Does this sound like your situation?
“I’m not really even sure what the mediation process is, how long it takes or how this works but everyone said to do mediation because it’s so much better than going to trial.”

“Can this process help me? How protected am I?”

These are common responses from people approaching mediation and divorce. 

What is Mediation?

NOTE: I have stopped mediating. I can suggest Cyndy Rochford (585) 348.9786 as a Mediator for you. She is an attorney who mediates and also works in collaborative law- two of the best ways to get to a successful resolution. If you are interested in learning more about mediation, you are welcome to continue reading and preparing yourself for the mediation process.

“The process of mediation is the management of other people’s negotiations, and the mediator is the manager of the negotiations who takes charge of the discussion of the issues to be resolved. The more coherent and organized the process, the easier it is for the participants to arrive at solutions that are reciprocal and appropriate for them.

When there is an apparent conflict of interest, the nature of the legal system requires the participants to be adversaries. We are not naturally inclined to be adversarial and we are not adversaries. We have needs that we recognize and we have strategies to meet those needs. You clearly understand the importance of maintaining your ongoing relationship and that is why you chose mediation.” - John Haynes, Ph.D.

As a mediator, I am not a judge who can be won over to one side or another.

I am committed to the agreement not to any one person.

I am to be fair and will do my best to balance my attention between you; you have control of the content and I own the process itself.

I do not accept one person’s unilateral definition of the problem.

I help you develop options to solve your problem.

I will hold no secrets from you and will not allow you to withhold information from the other. That is what it means to be a mediator.

Most people prefer to settle their family matters within the confines of the family.

Outside professional intervention is frequently limited to the mediator. Since only one professional is usually involved, the cost of resolving this dispute is much less than in the legal system.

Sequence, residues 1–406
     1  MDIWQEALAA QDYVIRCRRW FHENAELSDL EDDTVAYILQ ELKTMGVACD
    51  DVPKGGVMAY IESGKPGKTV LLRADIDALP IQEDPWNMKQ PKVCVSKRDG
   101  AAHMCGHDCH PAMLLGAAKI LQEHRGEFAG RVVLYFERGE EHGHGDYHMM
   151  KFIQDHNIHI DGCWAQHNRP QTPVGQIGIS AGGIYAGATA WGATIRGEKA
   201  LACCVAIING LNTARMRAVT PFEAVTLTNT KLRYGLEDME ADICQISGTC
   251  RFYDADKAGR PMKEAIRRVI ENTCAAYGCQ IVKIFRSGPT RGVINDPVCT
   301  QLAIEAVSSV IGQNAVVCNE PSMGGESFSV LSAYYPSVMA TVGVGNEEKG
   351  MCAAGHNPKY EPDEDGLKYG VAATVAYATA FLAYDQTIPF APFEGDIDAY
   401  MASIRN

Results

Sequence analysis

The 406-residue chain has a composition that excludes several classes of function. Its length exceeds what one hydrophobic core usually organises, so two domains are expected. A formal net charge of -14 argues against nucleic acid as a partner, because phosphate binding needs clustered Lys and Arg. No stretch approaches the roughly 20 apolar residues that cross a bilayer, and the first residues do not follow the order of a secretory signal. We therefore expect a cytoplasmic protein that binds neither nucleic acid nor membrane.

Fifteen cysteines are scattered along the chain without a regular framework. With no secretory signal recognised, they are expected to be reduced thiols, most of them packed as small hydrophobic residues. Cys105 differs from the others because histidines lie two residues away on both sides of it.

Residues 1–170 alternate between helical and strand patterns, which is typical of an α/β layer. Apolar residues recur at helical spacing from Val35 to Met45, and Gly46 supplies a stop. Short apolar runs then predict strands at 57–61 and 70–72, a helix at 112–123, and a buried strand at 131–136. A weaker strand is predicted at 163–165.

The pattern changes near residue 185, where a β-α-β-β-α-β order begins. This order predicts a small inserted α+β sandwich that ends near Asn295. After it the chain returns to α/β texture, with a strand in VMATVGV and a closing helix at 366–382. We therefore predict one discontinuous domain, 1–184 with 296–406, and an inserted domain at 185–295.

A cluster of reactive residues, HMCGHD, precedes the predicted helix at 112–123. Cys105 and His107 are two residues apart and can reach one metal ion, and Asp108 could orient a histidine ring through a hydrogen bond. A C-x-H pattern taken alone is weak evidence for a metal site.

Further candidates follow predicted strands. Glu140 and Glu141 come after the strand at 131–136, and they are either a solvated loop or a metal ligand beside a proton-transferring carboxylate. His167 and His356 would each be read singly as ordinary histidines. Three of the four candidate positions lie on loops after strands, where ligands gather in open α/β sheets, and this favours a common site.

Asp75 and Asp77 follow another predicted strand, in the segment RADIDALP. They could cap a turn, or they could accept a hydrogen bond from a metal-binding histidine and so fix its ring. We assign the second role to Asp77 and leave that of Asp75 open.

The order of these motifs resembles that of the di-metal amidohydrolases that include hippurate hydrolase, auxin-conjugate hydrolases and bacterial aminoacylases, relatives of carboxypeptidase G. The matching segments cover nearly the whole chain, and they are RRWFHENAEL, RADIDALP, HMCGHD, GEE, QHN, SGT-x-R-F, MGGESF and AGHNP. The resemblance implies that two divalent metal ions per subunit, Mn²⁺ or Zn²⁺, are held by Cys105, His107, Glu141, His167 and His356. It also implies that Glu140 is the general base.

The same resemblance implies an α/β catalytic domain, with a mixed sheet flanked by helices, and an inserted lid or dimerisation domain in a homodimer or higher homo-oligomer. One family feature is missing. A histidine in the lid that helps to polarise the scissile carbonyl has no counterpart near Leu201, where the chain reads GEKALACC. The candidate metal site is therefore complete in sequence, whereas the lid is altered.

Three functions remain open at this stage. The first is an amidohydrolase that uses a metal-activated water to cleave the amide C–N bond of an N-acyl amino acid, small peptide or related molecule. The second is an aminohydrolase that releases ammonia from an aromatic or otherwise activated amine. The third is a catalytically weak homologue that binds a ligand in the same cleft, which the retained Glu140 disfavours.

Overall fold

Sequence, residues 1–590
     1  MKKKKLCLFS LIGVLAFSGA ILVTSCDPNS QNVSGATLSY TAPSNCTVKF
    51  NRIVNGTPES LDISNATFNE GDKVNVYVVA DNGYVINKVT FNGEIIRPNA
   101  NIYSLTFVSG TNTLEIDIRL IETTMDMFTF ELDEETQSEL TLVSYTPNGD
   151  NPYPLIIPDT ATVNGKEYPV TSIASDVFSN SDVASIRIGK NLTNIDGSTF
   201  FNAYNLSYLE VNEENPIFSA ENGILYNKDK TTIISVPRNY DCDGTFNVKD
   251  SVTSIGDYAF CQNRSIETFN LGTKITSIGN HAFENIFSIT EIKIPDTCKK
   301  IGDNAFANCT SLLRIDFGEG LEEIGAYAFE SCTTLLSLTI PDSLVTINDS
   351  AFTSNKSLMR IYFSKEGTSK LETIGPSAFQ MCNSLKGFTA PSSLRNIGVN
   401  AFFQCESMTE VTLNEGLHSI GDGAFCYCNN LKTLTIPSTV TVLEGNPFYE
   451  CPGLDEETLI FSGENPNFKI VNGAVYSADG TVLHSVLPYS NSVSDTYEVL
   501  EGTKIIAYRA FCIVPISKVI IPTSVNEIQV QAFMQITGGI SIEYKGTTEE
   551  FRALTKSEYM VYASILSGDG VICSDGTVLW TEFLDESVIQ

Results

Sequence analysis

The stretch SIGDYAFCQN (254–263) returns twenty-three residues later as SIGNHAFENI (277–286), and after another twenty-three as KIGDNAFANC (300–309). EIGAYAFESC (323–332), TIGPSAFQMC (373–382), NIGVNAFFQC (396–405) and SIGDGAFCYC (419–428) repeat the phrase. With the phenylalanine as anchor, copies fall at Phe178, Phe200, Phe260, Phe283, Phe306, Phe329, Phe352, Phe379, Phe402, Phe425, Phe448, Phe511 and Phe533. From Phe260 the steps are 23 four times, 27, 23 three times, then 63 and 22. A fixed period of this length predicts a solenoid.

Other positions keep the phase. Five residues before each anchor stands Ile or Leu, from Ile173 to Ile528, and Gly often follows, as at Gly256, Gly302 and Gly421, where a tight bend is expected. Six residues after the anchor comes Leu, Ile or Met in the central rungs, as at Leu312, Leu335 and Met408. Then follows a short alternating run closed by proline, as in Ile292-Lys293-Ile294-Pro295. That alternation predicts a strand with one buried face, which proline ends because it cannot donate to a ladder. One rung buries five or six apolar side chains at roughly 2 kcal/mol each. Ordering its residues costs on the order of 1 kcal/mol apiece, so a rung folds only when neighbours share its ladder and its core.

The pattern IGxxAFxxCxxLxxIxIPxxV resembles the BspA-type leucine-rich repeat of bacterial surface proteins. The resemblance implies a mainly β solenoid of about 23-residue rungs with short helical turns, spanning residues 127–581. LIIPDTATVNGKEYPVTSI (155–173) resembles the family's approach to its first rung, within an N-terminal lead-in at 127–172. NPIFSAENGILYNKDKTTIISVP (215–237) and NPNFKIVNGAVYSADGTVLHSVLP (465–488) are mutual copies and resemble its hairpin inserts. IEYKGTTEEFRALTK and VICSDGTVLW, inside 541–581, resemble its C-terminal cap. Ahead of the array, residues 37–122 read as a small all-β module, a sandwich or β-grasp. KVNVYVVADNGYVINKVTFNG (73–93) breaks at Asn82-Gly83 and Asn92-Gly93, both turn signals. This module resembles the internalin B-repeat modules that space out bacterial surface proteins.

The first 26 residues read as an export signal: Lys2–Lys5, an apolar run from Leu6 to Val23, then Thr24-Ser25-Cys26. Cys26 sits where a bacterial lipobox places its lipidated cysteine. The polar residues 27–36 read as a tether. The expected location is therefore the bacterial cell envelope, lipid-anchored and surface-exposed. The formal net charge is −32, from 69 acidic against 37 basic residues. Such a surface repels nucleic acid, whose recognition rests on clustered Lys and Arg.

All discussions are held face-to-face, so it takes less time. The exception to this would be when the parties ask for a caucus. We can discuss this in person.

“Mediating a settlement after separation or divorce is an active process in which the mediator helps you identify all the issues that need to be covered in your agreement. Your mediator will help you work out what it costs to live apart, an, using that information together with your current income, help you determine the amount and duration of financial support the children, or perhaps one of yourselves may need. We will help you identify all of your assets, work out their value and help you to divide them fairly. We will also help you make a plan for future parenting decisions…”

One spouse should not win at the expense of the other. We provide you with the opportunity to negotiate reciprocally beneficial terms in total privacy.

The process is a joint search for a reasonable solution; so neither partner can gain at the other’s expense. Resolutions of problems between separating couples will lead to a settlement created and accepted by both. You control the decisions that affect your own lives…

We ask that you share in the fees in a way that is appropriate to your situation, bearing in mind that the mediator is working for both of you…Mediation takes less time for those without children.“

This information is courtesy of John Haynes, PhD

Please choose mediation because it is better, not just because it is cheaper!

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